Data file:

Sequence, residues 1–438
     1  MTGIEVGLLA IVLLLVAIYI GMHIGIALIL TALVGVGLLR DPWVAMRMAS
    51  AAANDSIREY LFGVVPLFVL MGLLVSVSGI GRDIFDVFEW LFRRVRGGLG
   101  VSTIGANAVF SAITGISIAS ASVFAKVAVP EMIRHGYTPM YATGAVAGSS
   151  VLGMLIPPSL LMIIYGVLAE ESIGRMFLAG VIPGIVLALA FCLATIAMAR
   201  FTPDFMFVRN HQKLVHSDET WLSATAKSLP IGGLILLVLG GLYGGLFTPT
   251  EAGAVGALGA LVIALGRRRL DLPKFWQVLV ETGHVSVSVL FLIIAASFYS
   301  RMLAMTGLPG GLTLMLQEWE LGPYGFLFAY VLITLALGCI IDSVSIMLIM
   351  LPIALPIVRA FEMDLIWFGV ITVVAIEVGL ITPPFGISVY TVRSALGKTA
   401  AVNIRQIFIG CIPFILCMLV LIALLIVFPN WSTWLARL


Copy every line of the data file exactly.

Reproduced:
Sequence, residues 1–438
     1  MTGIEVGLLA IVLLLVAIYI GMHIGIALIL TALVGVGLLR DPWVAMRMAS
    51  AAANDSIREY LFGVVPLFVL MGLLVSVSGI GRDIFDVFEW LFRRVRGGLG
   101  VSTIGANAVF SAITGISIAS ASVFAKVAVP EMIRHGYTPM YATGAVAGSS
   151  VLGMLIPPSL LMIIYGVLAE ESIGRMFLAG VIPGIVLALA FCLATIAMAR
   201  FTPDFMFVRN HQKLVHSDET WLSATAKSLP IGGLILLVLG GLYGGLFTPT
   251  EAGAVGALGA LVIALGRRRL DLPKFWQVLV ETGHVSVSVL FLIIAASFYS
   301  RMLAMTGLPG GLTLMLQEWE LGPYGFLFAY VLITLALGCI IDSVSIMLIM
   351  LPIALPIVRA FEMDLIWFGV ITVVAIEVGL ITPPFGISVY TVRSALGKTA
   401  AVNIRQIFIG CIPFILCMLV LIALLIVFPN WSTWLARL